When we heard that Donald Trump had signed a ban on citizens from Iran, Iraq, Libya, Somalia, Sudan, Syria and Yemen travelling to the US, The Londoner thought how dull London would be without such people and got out the Smythson to ring a few old friends.
First up, the fiery Somalia-born Nimco Ali, writer and campaigner. “Unlike Mo Farah, the Queen has not honored me with a knighthood,” says Nimco cheekily. “But she and her government gave us safety and a home.” Ali arrived in the UK as a child refugee. “Today my birth city is the capital of the self-declared independent State of Somaliland, linked to Somalia historically and therefore on the banned list. I am sure there will be some kind of attempt to exempt some of us because we hold a British passport, but as long as those who look like me are not welcomed I stand with them.”
Actor Andy Serkis, right — also known as Gollum and King Kong — is the world’s greatest motion-capture specialist and, aptly, great at capturing the emotion. His father was Iraqi. “We find ourselves instead with a childish bully at the helm who has put catastrophic, heinous and brutal executive orders into place, one presumes to show off how powerful he is,” he says. “Many of my own relatives sought refuge abroad. Thank God the world is finally voicing its rage at the election of this hyper-egotistical narcissist.”
Comedian Omid Djalili, whose parents are from Iran, tweeted: “Can’t wait to congratulate the [La La Land] film-makers in the States when I see them. Oh, hang on…”
Editor supreme Tina Brown, whose mother was part-Iraqi, added: “Cruelty and chaos are a deadly combination. The shame of treatment of refugees will take decades to expunge”.
We shall overcomb.
Now The Donald has got Cara on his case
Hours after Donald Trump announced his exclusionary plans, model Cara Delevingne posted a picture from a recent trip to Uganda, where she had met with Sudanese refugees through her work with UN initiative Girl Up.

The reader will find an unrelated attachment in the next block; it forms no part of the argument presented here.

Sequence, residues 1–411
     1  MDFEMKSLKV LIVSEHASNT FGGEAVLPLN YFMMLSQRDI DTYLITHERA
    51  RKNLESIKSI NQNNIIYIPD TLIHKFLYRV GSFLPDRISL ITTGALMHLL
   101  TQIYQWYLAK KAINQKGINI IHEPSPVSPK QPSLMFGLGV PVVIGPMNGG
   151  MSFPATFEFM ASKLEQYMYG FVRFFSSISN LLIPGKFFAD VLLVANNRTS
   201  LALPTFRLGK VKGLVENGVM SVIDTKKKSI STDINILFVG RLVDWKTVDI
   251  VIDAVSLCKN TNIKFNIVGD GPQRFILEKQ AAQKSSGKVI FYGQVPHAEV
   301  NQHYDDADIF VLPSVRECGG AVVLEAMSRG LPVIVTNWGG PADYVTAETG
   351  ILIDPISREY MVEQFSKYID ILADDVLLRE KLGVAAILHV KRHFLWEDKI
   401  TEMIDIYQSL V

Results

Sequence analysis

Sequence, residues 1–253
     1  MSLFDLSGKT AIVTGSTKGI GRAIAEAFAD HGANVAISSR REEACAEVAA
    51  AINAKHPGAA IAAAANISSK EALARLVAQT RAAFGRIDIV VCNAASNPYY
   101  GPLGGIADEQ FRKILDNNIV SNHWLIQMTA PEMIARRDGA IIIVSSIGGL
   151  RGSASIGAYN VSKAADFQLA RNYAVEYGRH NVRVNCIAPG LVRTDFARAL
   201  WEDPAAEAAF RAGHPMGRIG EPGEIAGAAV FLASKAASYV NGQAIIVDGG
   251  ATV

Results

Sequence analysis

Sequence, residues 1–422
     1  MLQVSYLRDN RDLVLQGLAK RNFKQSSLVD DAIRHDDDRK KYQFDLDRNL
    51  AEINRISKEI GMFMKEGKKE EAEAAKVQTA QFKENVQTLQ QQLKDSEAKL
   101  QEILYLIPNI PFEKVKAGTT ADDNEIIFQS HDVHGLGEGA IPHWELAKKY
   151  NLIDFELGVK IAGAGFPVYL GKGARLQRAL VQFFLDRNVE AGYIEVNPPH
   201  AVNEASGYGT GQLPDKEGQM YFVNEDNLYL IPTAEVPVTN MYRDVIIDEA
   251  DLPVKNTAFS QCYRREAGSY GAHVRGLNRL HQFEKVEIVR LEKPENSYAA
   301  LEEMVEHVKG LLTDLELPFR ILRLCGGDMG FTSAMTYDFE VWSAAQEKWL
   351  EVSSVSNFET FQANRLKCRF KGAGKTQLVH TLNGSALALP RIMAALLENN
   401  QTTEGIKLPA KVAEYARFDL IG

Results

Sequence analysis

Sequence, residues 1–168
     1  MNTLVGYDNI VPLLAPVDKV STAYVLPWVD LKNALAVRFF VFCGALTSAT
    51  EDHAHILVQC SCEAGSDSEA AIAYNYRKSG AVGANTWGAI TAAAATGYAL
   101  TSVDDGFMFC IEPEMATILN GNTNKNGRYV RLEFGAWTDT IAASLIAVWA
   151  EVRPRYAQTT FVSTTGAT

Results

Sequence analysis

“When I met Janet, Pauline, Florence and Ajah, they had just crossed the border into Uganda with their families,” Delevingne wrote on Instagram. “They shared their courageous stories of their journeys fleeing South Sudan and their hopes to continue their education.” Is this the start of a model revolution?
That’s how you drown your sorrows
Thandie Newton is a woman after The Londoner’s heart. The actress is back in the spotlight through her role in TV hit Westworld, and her stunning performance led her to be nominated for a Screen Actor’s Guild award. She failed to take the gong at the ceremony in LA last night — she was beaten by fellow Brit Claire Foy — but took the defeat with a pinch of salt. And a big glug of Taittinger champagne. “How to lose graciously,” she posted on Twitter after the event. Cheers, Thandie.
Muttley’s last laugh on Trump
Legendary Spectator and Oldie editor Alexander Chancellor, who died on Saturday aged 77, proposed himself as Trump’s assassin in a last, characteristic blast against all that was wrong in the world. Oldie publisher James Pembroke reported his proposition in a letter to Oldie contributors and noted: “He would have been far more successful than The Jackal, charming his way past security guards, who would have been disarmed by his beautiful manners, engaging smile and Muttley-like laugh.”
Chancellor was every journalist’s dream editor, assembling excellent writers and letting them get on with it. Graham Greene described him as “the best editor I have ever worked for”, and Charles Moore called him “world-class”.
The Spectator was in free- fall when Chancellor took over as editor in 1975. An ex -Reuters correspondent, he knew nothing about editing print but his mischievous personality transformed the failing title from busted flush to a funny, cynical must-read, notably pairing Taki’s High Life jet-set antics with Jeffrey Bernard’s Low Life chronicle of vodka-soaked Soho despair.
Chancellor’s final Long Life column — on Trump —was in last week’s Spectator.
A hair-raising tale from über PR boss Maria Boyle, who has just been named in Luxury Daily’s Women to Watch 2017. Boyle recalls the time her client, colorist Jo Hansford, heard Naomi Campbell was on the way to see her. “A Rolls-Royce pulled up with blacked-out windows. The chauffeur walked round the car, opened the door and picked up a box off the back seat and brought it in to the salon… with Naomi’s wig in it. Apparently she only wanted her fringe piece to be colored.”
Eddie award, no kidding
Congrats to Oscar-winning actor Eddie Redmayne: the Fantastic Beasts and Where to Find Them star received the freedom of the City of London on Friday.
The honor was conferred at Guildhall, much to the pleasure of several staff, and is awarded after the recipient is nominated by two members of one of the City’s 110 liveries, or by being themselves a member. Freemen are allowed to drive sheep over London Bridge once a year as a celebration of the city’s history as a global center of commerce; it has been awarded to Sir Ian McKellen and Morgan Freeman.
Given that Redmayne won the Outstanding Newcomer prize in the Evening Standard’s 2004 theatre awards for his performance in Edward Albee’s The Goat, is there a precedent for goat-herding instead?
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